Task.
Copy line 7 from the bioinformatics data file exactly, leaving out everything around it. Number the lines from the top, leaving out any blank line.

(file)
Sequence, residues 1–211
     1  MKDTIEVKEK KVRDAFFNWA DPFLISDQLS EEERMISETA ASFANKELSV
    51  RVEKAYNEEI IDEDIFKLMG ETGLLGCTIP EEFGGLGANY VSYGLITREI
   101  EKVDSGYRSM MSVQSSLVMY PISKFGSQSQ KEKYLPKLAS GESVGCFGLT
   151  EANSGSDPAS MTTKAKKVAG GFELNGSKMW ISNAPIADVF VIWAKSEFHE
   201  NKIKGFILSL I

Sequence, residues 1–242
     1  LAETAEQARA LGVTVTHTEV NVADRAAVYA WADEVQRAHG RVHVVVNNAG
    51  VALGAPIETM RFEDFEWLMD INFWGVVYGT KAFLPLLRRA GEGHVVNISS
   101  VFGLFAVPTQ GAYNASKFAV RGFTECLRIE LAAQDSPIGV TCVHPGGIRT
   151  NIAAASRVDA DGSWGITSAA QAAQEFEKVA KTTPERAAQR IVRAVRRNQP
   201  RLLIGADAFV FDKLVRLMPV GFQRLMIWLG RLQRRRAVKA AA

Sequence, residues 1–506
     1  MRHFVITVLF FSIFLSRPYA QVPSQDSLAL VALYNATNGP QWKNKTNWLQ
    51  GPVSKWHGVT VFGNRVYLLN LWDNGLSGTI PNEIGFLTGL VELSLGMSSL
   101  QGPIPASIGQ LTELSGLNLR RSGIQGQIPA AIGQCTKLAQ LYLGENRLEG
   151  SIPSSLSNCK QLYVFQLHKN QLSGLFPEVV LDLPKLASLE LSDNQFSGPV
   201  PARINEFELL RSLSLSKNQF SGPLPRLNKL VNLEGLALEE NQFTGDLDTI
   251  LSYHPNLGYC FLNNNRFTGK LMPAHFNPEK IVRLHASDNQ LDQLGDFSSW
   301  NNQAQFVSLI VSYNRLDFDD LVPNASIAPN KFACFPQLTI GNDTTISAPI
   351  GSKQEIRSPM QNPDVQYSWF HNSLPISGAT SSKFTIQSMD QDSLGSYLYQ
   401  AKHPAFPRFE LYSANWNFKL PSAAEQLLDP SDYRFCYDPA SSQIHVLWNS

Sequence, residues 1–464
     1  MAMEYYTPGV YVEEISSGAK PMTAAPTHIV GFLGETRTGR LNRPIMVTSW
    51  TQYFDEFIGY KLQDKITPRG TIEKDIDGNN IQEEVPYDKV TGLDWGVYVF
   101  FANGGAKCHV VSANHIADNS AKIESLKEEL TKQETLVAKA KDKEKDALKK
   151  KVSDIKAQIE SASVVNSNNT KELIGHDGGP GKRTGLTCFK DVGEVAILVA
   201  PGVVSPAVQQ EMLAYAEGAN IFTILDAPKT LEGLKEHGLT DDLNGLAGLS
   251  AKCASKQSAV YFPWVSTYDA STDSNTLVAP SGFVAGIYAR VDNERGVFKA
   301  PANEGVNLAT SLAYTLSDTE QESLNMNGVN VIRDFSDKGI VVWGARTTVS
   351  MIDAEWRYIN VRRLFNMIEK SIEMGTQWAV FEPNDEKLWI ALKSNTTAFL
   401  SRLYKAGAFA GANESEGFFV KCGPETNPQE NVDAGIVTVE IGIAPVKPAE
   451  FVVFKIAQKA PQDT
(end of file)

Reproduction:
Sequence, residues 1–242